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Renau A.,Varian Semiconductor Equipment Associates
Review of Scientific Instruments | Year: 2010

For many years the largest commercial application for particle accelerators has been semiconductor ion implantation. These tools differ from other accelerators in many respects. In particular they are automated to a very high degree and, in addition to technical performance requirements their success depends on other key metrics including productivity, availability and cost of ownership. These tools also operate with a large variety of species, four orders of magnitude of energy range and five orders of magnitude of dose range. The ion source is a key component of implanters with its own performance metrics that include beam current, lifetime, and materials cost. In this paper, we describe the primary applications for ion implantation and some of the beam line architectures that are used. We describe the ion source that has evolved for this application. Some key future challenges for implanter ion source development are also discussed. © 2010 American Institute of Physics.

Darby B.L.,University of Florida | Yates B.R.,University of Florida | Rudawski N.G.,University of Florida | Jones K.S.,University of Florida | And 2 more authors.
Thin Solid Films | Year: 2011

The formation of voids in ion-implanted Ge was studied as a function of ion implantation energy and dose. (001) Ge substrates were self-implanted at energies of 20-300 keV to doses of 1.0 × 10 13-1.0 × 10 17 cm - 2. Transmission electron microscopy revealed clusters of voids just below the surface for implant energies ≤ 120 keV at a dose of 2.0 × 10 15 cm - 2 and complete surface coverage for an implant energy of 130 keV and doses ≥ 1.0 × 10 16 cm - 2. Void clusters did not change in size or density after isothermal annealing at 330 °C for 176 min. The initial void formation is discussed in terms of the vacancy clustering and "microexplosion" theories with a damage map detailing the implant conditions necessary to produce voids. © 2011 Elsevier B.V. All rights reserved.

Renau A.,Varian Semiconductor Equipment Associates
IWJT-2010: Extended Abstracts - 2010 International Workshop on Junction Technology | Year: 2010

Recent innovations in ion implantation technology that overcome scaling barriers at 32nm/22nm are reviewed. Some of the hardware improvements will be discussed, but the main focus will be on the process and device data that demonstrates their advantages. These innovations include a cryogenic implant capability that enables a significant reduction in implantation induced crystal damage, molecular implants that show device performance improvements and that use standard ion sources, and various approaches that improve implant performance, particularly when diffusion-less anneal is used. © 2010 IEEE.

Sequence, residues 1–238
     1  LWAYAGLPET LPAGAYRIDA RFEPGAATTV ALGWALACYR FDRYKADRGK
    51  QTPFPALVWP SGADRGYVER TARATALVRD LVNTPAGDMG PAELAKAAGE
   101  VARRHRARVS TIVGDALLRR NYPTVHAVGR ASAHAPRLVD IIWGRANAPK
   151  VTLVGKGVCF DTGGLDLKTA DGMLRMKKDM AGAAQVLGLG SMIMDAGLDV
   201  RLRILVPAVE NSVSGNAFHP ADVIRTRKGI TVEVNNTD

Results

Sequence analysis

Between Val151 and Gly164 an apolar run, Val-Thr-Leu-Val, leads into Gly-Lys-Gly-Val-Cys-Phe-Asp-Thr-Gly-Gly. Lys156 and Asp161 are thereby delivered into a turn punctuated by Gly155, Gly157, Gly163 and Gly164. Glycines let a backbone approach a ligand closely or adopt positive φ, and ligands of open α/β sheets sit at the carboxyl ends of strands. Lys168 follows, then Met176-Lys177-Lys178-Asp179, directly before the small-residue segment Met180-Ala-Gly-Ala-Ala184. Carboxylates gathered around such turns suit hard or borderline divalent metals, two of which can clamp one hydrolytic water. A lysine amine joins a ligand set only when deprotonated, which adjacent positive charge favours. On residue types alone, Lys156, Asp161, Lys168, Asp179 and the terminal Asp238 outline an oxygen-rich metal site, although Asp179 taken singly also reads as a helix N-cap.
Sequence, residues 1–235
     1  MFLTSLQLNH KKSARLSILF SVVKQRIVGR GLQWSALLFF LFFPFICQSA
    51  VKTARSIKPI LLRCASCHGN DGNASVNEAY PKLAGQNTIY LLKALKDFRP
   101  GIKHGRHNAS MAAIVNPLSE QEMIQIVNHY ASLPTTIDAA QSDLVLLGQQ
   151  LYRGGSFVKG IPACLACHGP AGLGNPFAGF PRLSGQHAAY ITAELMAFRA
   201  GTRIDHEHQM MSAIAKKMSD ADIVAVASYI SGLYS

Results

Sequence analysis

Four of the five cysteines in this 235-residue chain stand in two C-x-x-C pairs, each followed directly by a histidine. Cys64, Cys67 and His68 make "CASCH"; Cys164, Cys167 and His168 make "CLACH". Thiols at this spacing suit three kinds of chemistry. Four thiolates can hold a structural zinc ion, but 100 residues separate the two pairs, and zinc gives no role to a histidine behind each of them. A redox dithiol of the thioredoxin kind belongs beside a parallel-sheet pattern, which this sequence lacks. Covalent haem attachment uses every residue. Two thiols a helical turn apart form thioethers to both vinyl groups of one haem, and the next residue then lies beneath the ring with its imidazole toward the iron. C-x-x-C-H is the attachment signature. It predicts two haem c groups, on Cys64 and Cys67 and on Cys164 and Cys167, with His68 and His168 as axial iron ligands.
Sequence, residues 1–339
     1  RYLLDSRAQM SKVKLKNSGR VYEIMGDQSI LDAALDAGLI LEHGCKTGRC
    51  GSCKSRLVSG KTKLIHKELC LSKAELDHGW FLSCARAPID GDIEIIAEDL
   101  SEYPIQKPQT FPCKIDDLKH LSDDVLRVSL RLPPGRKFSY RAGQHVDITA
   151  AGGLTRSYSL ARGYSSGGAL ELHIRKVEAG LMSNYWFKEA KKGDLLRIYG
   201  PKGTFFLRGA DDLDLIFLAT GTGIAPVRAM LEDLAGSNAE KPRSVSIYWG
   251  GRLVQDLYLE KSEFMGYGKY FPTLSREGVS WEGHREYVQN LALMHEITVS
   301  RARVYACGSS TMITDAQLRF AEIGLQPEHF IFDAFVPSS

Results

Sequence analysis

Renau A.,Varian Semiconductor Equipment Associates
ECS Transactions | Year: 2011

The last few years have seen significant developments in ion implantation: Commercial implanters are now available with cryogenic capabilities to enable significant reductions in implant induced crystal damage; Plasma doping tools are now extensively used in fabs; Modified sources and new chemistries have been developed that allow some implants to be replaced by more exotic molecular implants to enable simultaneous co-implants and minimize end of range damage; Today's implanters give better dopant placement performance than ever before. These changes have been driven by CMOS scaling challenges, particularly at 32nm and 22nm, along with changes in thermal processing and the emergence of new implant applications. Details of some of these developments are given along with some explanation of the changes that have made them necessary. ©The Electrochemical Society.

Stojanovic V.D.,University of Belgrade | Raspopovic Z.M.,University of Belgrade | Jovanovic J.V.,University of Belgrade | Radovanov S.B.,Varian Semiconductor Equipment Associates | And 2 more authors.
Nuclear Instruments and Methods in Physics Research, Section B: Beam Interactions with Materials and Atoms | Year: 2012

Boron produced in plasma devices continues to be the main p-type dopant in ion implantation of semiconductor devices. Yet plasma parameters of most frequently used Boron rich gas, BF 3, are not well established. Time resolved measurements of ion energy distributions in the cathode boundary [1] of a pulsed dc plasma doping system revealed possible role of the charge-transfer collisions between singly charged ions of various mass. The cross sections for scattering of B +, BF + and BF2+ ions on BF 3 molecule are calculated by using Nanbu's theory [2] separating elastic from reactive collisions. A Monte Carlo simulation technique was applied to perform calculations of transport parameters in DC electric fields. © 2011 Elsevier B.V. All rights reserved.

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